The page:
OPINION: The death of Nelson Mandela has captured our and the world's attention. He stands out as a true leader.
It has been especially surprising to see sympathetic comments from those of a more conservative persuasion, a characteristic I determine on the basis of the person's background or knowledge I have about them.
When I saw the lineup in last weekend's Taranaki Daily News of Jonathan Young, Mary Bourke and Ross Dunlop giving their heartfelt views about Mandela I was very surprised.
How is it that the current National MP for New Plymouth and current and former mayors of South Taranaki District Council get to comment as the world mourns a man whose primary connection to this country is that his imprisonment, and the reasons for it, were responsible for the greatest social upheaval in this country since the poverty riots of the 1930s?
National Party folks, certainly of Young's generation, and residents of South Taranaki, weren't especially conspicuous in the anti-tour movement in 1981, as I recall.
What would have made last week's story more credible is if the Daily News had reported on the stance of each of its Mandela "mourners" in 1981.
The fight against apartheid South Africa was a long, bloody and murderous one. In South Africa and outside it. New Zealand played a crucial role.
Anti-apartheid movement leaders like Trevor Richards, and much later John Minto, were instrumental in building the coalition of forces that came to bear on New Zealand during the 1981 Springbok tour. The third Labour government played its part when it cancelled the 1973 tour.
Even local All Black hero, and captain at the time, Graham Mourie took a courageous stand.
But in 1981 the National Government of the day saw political mileage in the tour going ahead and mounting a confrontation with opponents of the tour with every force the state could muster, including police armed to the hilt with riot gear and the army securing rugby grounds with razor wire.
If the vehemence of the anti-tour movement was one thing, then the fierceness of the pro- tour brigade was quite another.
Anyone who says they didn't take sides during the 1981 tour is either lying or brain- dead. The tour split the nation. It split families and communities.
I remember all too clearly the cry of pro-tour forces of "keep politics out of sport" and "I have a right to watch a rugby game".
This was the justification given for watching a team which was regarded as the heroic symbol of a nation that deprived 80 per cent of its population of basic human rights and freedoms for one reason - they were black.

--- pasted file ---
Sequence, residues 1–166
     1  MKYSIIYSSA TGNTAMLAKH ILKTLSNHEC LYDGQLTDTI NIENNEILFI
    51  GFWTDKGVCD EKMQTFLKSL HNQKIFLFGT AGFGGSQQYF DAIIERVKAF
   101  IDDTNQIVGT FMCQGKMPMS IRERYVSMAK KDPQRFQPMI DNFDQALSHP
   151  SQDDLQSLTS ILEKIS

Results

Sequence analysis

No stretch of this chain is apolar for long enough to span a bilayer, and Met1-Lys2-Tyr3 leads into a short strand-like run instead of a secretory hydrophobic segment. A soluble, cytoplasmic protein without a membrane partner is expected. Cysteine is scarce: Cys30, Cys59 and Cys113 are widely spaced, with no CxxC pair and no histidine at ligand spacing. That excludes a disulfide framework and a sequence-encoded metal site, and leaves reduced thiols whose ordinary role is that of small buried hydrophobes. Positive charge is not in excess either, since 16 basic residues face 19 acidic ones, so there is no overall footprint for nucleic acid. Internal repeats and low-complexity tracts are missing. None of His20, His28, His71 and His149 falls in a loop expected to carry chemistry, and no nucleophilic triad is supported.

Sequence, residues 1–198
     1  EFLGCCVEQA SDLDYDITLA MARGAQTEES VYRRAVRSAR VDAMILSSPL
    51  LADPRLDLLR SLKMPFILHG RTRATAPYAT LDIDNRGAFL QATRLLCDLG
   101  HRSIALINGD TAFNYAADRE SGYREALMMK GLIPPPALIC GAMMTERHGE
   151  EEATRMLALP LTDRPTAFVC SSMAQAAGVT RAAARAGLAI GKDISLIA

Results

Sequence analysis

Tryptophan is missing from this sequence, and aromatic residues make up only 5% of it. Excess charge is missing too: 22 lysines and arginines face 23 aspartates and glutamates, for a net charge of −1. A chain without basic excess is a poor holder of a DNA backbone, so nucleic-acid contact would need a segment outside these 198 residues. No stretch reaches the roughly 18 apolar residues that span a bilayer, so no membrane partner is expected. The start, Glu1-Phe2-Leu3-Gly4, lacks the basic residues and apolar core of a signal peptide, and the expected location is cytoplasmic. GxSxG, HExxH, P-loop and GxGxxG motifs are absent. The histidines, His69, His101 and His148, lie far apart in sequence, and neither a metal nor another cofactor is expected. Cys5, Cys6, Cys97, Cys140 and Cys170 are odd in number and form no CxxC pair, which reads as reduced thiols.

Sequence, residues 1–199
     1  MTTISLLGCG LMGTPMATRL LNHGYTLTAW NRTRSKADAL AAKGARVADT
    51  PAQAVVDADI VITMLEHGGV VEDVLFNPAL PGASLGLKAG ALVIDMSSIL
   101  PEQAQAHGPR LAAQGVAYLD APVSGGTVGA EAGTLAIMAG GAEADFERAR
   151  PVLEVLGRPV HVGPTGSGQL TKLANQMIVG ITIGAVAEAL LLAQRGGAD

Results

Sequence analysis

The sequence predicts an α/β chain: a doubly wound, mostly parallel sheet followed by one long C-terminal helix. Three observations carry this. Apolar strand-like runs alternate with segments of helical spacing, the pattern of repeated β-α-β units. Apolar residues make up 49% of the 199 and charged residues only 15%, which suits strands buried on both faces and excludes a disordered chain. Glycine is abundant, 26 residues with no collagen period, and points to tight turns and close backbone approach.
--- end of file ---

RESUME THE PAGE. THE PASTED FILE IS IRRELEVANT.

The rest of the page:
And therein lay the difference between two sides of the argument, between the conservatives and the progressives. Conservatives look to their own comfort, their self- satisfaction. Not for them the searching questions about whether something is fair or even- handed or principled. No. Things are the way they are and that is that. There is no reason to change the natural order that is self- evident to them.
Which also means the conservative world view is usually ignorant of history. Why question the origins of your comfortable life? It might just lead to a sense of discomfort. All this applies to the New Zealand National Party, apart from one extra-ordinary and ironic exception. In the 1990s, led by Doug Graham on the issue, the National Party took a different view of Maori land rights.
Progressives take a different view. They see their place in the world as part of something bigger than just themselves. They instinctively think of others. They are interested in historical origins, if only to explain how things have got to where they are.
Above all, progressive people are concerned about principles of fairness and justice. And they don't hesitate to challenge the status quo, even organise against it, in the pursuit of a more just and fair society.
Progressives are not afraid of change and openly seek it. They see history as a record of change and make sure that the change is for the betterment of all, not just a select few.
The anti-tour activists in 1981 were progressive. They should be celebrated at this time. Their contribution to positive change in South Africa was immense. The same cannot be said for our resident conservatives. They seek to take the moral high ground now, but it rings hollow.
Some will say "But Mandela was able to put animosity towards his enemies and detractors behind him, and so we all should". But this misunderstands what happened in post-apartheid South Africa.
Perhaps the most important and healing of actions Mandela took when he became president was to hold a truth and reconciliation commission. Those who were at the forefront of the violence and repression of black people opened up, took responsibility and could be forgiven. Perhaps we need some truth and reconciliation here.
- © Fairfax NZ News
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